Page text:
By: Dawn Luger, The Daily Sheeple |
Steven Hawking and 32 of his fellow scientists have written an angry letter about the origins of the universe in response to a recent Scientific American article about the same topic. Hawking, an English theoretical physicist, cosmologist, and author and Director of Research at the Centre for Theoretical Cosmology within the University of Cambridge, wrote the letter in “categorical disagreement.”
The Scientific American article challenged the cosmic inflation theory and suggested scientists look for new ideas on the origins of the universe. But Hawking took issue with the new ideas presented. Titled Pop Goes the Universe, physicists Anna Ijjas, Paul J. Steinhardt, and Abraham Loeb examine the latest measurements from the European Space Agency relating to cosmic microwave background (CMB). CMB is the oldest light in the universe which is said to have been emitted during the “Big Bang” (the universe’s beginning) around 13 billion years ago. In 2013, a map of the CMB appeared to show how the universe inflated extremely fast, before settling down to become the universe we see today. This, many experts said, backed up models relating to inflation theories, where the universe expanded exponentially fast a fraction of a second after the Big Bang.
Time Magazine stated that Hawking and his colleagues firmly believe in the Big Bang Theory, so their angry reaction letter was perfectly predictable – even though it is just a theory, like the proposed “Big Bounce.”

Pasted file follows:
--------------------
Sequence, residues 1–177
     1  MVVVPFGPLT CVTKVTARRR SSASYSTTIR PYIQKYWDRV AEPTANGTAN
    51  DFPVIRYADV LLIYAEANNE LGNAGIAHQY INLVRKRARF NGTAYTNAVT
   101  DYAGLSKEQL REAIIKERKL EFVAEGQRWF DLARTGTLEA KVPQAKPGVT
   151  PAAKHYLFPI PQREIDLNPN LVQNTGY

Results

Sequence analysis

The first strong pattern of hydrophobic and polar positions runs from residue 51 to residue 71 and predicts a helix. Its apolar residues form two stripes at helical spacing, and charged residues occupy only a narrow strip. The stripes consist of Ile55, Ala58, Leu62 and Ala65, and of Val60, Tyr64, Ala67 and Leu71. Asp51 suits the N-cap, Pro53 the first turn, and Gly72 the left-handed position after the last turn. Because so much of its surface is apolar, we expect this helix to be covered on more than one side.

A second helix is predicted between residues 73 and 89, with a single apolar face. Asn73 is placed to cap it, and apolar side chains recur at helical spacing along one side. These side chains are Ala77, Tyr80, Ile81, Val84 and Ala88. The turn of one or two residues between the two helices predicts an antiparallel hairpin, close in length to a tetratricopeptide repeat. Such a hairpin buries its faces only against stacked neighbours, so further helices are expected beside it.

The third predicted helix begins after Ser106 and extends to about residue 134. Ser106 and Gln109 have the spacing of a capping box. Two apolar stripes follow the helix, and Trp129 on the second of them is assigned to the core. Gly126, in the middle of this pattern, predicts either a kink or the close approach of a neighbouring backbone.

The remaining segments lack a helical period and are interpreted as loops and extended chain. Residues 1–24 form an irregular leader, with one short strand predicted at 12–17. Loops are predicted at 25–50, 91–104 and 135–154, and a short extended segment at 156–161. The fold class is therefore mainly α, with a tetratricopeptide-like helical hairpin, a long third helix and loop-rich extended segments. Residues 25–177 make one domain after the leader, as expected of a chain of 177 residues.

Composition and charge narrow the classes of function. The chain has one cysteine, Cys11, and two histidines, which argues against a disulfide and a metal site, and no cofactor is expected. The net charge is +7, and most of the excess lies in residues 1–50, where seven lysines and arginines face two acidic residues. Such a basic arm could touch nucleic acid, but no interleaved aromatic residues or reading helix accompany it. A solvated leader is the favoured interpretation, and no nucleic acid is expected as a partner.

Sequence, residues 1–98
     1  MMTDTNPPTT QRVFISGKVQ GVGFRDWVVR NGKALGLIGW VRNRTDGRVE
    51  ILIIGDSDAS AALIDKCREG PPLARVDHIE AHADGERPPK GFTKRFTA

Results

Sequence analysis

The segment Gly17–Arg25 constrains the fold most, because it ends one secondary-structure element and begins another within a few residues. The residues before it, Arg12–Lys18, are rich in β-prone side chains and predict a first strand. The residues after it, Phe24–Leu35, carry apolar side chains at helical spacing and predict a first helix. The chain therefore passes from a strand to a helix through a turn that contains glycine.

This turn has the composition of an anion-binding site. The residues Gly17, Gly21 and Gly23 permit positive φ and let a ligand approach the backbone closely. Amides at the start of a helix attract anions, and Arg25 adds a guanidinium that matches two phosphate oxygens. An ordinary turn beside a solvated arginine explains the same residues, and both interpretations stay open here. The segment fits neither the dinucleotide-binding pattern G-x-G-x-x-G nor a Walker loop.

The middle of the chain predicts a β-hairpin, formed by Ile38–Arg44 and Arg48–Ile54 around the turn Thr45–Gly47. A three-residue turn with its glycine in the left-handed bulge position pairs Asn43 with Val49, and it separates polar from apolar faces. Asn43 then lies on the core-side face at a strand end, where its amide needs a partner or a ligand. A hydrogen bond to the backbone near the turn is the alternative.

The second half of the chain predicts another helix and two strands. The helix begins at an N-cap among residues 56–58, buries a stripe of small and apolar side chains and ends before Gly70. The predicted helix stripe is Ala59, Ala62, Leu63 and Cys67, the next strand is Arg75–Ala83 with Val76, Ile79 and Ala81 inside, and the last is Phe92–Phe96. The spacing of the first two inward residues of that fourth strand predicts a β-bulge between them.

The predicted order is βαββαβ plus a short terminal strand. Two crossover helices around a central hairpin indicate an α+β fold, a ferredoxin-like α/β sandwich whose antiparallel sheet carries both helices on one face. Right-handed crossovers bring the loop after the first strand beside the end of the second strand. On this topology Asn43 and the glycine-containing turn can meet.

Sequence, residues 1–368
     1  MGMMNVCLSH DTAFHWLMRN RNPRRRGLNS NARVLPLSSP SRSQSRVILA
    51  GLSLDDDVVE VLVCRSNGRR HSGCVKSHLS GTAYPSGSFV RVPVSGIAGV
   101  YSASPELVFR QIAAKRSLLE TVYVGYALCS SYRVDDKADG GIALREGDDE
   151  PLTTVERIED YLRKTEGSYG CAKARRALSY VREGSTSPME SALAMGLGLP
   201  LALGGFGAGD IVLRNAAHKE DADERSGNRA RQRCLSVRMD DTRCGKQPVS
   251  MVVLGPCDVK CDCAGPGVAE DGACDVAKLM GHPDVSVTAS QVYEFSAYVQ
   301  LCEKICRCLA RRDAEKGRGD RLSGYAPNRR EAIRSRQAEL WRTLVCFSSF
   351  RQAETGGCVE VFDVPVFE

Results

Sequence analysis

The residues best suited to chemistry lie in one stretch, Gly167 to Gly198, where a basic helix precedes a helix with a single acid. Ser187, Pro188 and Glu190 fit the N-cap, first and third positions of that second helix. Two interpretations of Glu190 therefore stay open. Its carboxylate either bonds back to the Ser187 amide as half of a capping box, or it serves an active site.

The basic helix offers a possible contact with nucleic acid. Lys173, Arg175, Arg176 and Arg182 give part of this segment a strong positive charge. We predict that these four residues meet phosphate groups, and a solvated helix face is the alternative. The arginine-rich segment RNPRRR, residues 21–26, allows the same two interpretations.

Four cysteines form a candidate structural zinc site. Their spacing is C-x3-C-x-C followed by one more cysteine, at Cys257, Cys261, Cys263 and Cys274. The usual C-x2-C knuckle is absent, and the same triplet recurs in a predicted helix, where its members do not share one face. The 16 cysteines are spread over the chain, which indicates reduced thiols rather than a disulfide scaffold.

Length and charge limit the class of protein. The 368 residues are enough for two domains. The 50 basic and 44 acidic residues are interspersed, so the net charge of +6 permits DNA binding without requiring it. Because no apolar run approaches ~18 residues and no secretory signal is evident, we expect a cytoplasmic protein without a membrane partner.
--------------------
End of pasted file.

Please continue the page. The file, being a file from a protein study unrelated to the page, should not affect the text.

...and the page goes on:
The Big Bounce Theory says that the universe is in an infinite cycle of expansion and contraction. Right now, the universe is expanding. But once the energy runs out for expansion, the universe will contract. When it gets small enough, it will have no option but to begin expansion once again. The authors of the “Big Bounce Theory” also pointed out fundamental flaws in the Big Bang theory, which is widely accepted among scientists, including that we are yet to discover primordial gravitational waves–ripples in spacetime created by the Big Bang. Another problem is that inflation requires the existence of “inflationary energy,” for which there is no direct evidence.
But Hawking and his colleagues were amazingly upset by the proposed theory. “By claiming that inflationary cosmology lies outside the scientific method, IS&L [the authors of the earlier article] are dismissing the research of not only all the authors of this letter but also that of a substantial contingent of the scientific community,” they wrote to Scientific American. That’s certainly a bold statement, but Hawking and his team’s letter continued.
“Moreover, as the work of several major, international collaborations has made clear, inflation is not only testable, but it has been subjected to a significant number of tests and so far has passed every one,” the letter added. Ijjas, Steinhardt, and Loeb were disappointed with the scientists’ response. “We firmly believe that in a healthy scientific community, respectful disagreement is possible and hence reject the suggestion that by pointing out problems, we are discarding the work of all of those who developed the theory of inflation and enabled precise measurements of the universe,” they responded.
Their main point, they said, is that “we should be talking about the contemporary version of inflation, warts and all, not some defunct relic.” They argue that even when different parameters are taken into account, there are an infinite number of outcomes relating to any model of inflation. “Our article was not intended to revisit old debates but to discuss the implications of recent observations and to point out unresolved issues that present opportunities for a new generation of young cosmologists to make a lasting impact.”